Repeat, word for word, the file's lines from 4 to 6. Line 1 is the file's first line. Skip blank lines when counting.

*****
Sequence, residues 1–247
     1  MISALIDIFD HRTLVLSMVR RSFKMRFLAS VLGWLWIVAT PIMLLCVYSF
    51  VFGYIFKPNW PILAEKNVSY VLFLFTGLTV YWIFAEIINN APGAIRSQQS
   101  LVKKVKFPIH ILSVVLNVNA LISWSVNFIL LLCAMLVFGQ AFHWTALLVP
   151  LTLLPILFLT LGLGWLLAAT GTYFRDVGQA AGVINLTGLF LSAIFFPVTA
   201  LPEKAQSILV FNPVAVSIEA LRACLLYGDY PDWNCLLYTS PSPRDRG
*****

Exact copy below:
   101  LVKKVKFPIH ILSVVLNVNA LISWSVNFIL LLCAMLVFGQ AFHWTALLVP
   151  LTLLPILFLT LGLGWLLAAT GTYFRDVGQA AGVINLTGLF LSAIFFPVTA
   201  LPEKAQSILV FNPVAVSIEA LRACLLYGDY PDWNCLLYTS PSPRDRG